“I just want to say that your girlfriend or boyfriend has been lying to you all these years, size does count! Our stage was 10 stories tall, it was by far the largest one we’d ever played. We had more pyro than most third-world countries, and I’m not saying that to be flippant.
“It was so hot on stage. Those fireballs went up 100 feet, completely surrounding us. The very few people that were there were screaming, they got scared [laughs]! We had fun and, most importantly, we were safe.”
We saw Tech 21 has reposted some pictures of you using their amps at the Dubai rehearsals… can you tell us more about your signal path for the shows?
“No! I will let them wax poetic and prolific. No free rides here. Sorry, are you talking about my tongue or my tone [laughs]?! People that aren’t in bands can be a bit delusional. At home, you have your amplifier and tone knobs, you can always get your sound just right.
“But the variables are much more complex when you play live. You can be in front of your amp with a killer instrument in your hands – we’ll be doing guitars as well by the way, Thunderbirds, Flying Vs and so on.
“Anyways, you can get your tone just right on stage. Then you have an electronic direct to the mixing boards to accompany the microphone in front of the cabinet. But the tonality changes once it goes out to the mixing board and sound system. The way you’ve got your sound, no matter how good, that’s not how it will sound out in the house.”
So what do you end up with?
“What you end up with is something in between that clear direct and the chest-thumping fuzzy sound. That’s why your mixer is really important. You don't want him or her to usurp and bastardize what you’ve got.
“Oh, I forgot to mention… we play live! What you get is real. If I pick it, you hear it, simple as that. Nikki Sixx is not backstage trying to play my bass parts, nothing like that. And good luck to him, and best wishes, by the way.”
We’ll let him know. You’ve written some truly timeless basslines over the years… so what exactly is the Gene Simmons guide to finding the perfect part?
“Well, that is very kind of you to say. My reference points were people like Paul McCartney. Ron Wood is very under-appreciated. He’s a better bass player than he is a guitar player.
“For anyone wanting to get better, I’d recommend picking up the first two Jeff Beck records – which in my estimation kills anything that Zeppelin and other folks put out in the same period. So much of it was live and came from jamming in the studio.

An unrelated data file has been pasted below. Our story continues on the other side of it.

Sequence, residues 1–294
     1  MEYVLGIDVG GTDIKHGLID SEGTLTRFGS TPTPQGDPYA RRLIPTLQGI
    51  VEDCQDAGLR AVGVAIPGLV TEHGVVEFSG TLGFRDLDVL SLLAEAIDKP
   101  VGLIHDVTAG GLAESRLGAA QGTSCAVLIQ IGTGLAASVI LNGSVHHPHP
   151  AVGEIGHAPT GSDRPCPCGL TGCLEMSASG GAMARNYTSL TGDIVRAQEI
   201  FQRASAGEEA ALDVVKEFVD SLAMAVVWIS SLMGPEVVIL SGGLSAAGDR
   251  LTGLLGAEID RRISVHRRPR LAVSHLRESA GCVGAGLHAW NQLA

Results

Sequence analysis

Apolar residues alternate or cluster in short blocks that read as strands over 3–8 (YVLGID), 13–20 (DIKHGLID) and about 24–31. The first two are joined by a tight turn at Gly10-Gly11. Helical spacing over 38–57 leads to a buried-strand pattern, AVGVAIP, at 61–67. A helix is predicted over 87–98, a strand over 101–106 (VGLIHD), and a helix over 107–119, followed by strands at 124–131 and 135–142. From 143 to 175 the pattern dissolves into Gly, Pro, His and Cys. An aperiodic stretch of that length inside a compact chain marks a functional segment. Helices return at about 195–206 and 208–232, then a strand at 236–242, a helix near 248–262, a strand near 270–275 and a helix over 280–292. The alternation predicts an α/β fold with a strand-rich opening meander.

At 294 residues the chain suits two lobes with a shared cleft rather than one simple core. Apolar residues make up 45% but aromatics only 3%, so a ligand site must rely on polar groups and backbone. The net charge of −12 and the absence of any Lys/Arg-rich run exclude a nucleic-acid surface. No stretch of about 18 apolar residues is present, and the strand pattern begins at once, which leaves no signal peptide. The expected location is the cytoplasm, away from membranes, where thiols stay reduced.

“What Ron Wood was doing was actually more advanced than the music he was playing over, with more pushes and pulls and overall motion. It gives everything a sexy feel, with nice movement on the bottom.
“By the way, there’s nothing wrong with what AC/DC do – pounding along and plugging in with the drums to make a nice railroad track. But unless you have a killer singer and guitar player on top, that song’s not going to go anywhere. Anyway, my point is that there are a lot of different ways of finding the right line.”
Are there any others that come to mind?
“I always liked Felix Pappalardi from Mountain, his bass playing was great. It’s an approach that’s unlike Motown [hums riff]. In fact, the Kiss song Love Her All I Can is one of my homages to Motown… you can hear it in how my bass works against Paul’s chords.
“I like to use a pick because, especially live, you just can’t hear the notes as well when playing fingerstyle. It’s more muffled. So that’s my tirade… and I don’t want to get too tirade doing it, see what I did there?!”
Top-notch banter! Okay, as you’re in such a good mood, here’s another hard question. What’s the greatest bassline of all time?
“Oh my god [takes big sip of his drink]. That’s bubbly water by the way, not alcohol. I don’t drink, never have. Greatest bassline of all-time? Oh goodness.
“Well, when a bassline becomes the song, you’re the king. Jack Bruce actually came up with it, and it might not be the best song necessarily, but as soon as you hear Sunshine Of Your Love, you know that’s the song, that’s the riff and that’s the hook.
“You know it as soon as the song starts. It’s probably the most classic bassline of all-time for me. There’s no movement. There’s nothing fancy. But the bassline is the song. It never veers to a bridge or a chorus.